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Thought as Experience in Bataille, Cioran, and Rosset - Joseph Acquisto

Thought as Experience in Bataille, Cioran, and Rosset

By: Joseph Acquisto

Hardcover | 11 July 2024

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Examines how postwar French writers constitute the thinking subject and reshape its relation to the external social world.

Joseph Acquisto analyzes the writings of three thinkers during and shortly after the Second World War who address the question of what it means to think, and what it means to constitute oneself as a thinking subject â" at a time that seems to come "after everything"; with the ruins of attacked cities echoing the remains of a philosophical tradition that was confident in its establishment of human beings as rational, of reason leading to progress, and of both the self and the world as knowable.

What Georges Bataille calls "inner experience" and Emil Cioran labels "thinking against oneself" is something akin to a drama; not a mere representation of the self in relation to the world, but a process of remapping the relation of subject to object of thought dialectically. Acquisto argues that both writers adopt an anti-systematic approach to thinking that implicates fragmentary writing as a way of turning answers about subject-object relations into questions. Acquisto contends that this stands in contrast to the approach of Cl©ment Rosset, whose affirmation of the inaccessibility of the real leads to an anti-intellectual, grace-filled affirmation of life as it is given, under the guise of what he calls the "tragic."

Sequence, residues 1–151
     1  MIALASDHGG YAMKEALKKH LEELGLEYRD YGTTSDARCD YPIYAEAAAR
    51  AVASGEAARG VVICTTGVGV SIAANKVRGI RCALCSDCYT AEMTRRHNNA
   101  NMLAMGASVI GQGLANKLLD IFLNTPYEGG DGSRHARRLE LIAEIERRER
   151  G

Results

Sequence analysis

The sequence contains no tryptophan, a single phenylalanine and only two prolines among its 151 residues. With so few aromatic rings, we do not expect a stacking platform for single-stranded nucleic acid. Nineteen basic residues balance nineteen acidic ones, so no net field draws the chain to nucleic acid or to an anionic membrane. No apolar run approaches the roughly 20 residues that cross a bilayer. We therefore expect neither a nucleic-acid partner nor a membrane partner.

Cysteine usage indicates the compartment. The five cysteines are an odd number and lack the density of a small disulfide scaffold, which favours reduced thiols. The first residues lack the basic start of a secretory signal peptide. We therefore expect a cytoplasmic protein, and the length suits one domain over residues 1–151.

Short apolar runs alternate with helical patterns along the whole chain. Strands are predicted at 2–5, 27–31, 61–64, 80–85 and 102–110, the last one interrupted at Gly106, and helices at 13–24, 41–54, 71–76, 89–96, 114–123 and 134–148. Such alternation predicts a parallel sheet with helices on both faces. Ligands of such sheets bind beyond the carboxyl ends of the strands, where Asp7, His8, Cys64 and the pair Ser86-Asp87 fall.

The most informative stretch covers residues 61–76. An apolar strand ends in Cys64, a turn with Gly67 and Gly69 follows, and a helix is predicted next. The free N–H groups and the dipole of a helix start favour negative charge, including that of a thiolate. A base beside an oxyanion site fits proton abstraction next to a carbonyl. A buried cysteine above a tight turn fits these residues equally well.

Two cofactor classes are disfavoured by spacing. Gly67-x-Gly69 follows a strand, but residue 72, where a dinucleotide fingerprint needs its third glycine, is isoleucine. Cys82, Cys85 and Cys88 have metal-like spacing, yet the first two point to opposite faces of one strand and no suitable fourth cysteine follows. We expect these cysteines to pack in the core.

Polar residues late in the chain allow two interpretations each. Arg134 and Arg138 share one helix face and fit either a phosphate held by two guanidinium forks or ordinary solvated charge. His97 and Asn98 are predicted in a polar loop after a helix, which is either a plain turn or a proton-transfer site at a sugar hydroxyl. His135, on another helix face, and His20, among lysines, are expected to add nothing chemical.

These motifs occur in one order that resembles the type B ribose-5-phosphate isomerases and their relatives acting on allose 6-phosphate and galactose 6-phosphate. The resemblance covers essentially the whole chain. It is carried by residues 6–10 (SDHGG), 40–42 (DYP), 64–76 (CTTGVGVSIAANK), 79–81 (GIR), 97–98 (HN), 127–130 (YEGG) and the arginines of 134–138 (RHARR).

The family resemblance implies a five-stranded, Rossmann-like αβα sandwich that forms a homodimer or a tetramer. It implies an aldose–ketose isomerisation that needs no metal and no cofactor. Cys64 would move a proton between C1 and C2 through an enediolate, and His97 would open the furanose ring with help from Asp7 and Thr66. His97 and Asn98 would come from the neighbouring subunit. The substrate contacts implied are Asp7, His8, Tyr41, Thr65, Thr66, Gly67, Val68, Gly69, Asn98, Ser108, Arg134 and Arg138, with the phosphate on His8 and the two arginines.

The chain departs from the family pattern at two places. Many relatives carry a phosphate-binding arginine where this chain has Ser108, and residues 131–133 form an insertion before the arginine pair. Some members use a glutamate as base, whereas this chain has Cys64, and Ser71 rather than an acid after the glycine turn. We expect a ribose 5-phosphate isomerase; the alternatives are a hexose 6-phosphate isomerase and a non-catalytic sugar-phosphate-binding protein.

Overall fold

Bringing together thinkers that have seldom been discussed in a comparative light, Thought as Experience in Bataille, Cioran, and Rosset examines the affective dimensions of thought as experience and considers the political stakes of postwar thought as "out of order" with the world from which it springs.

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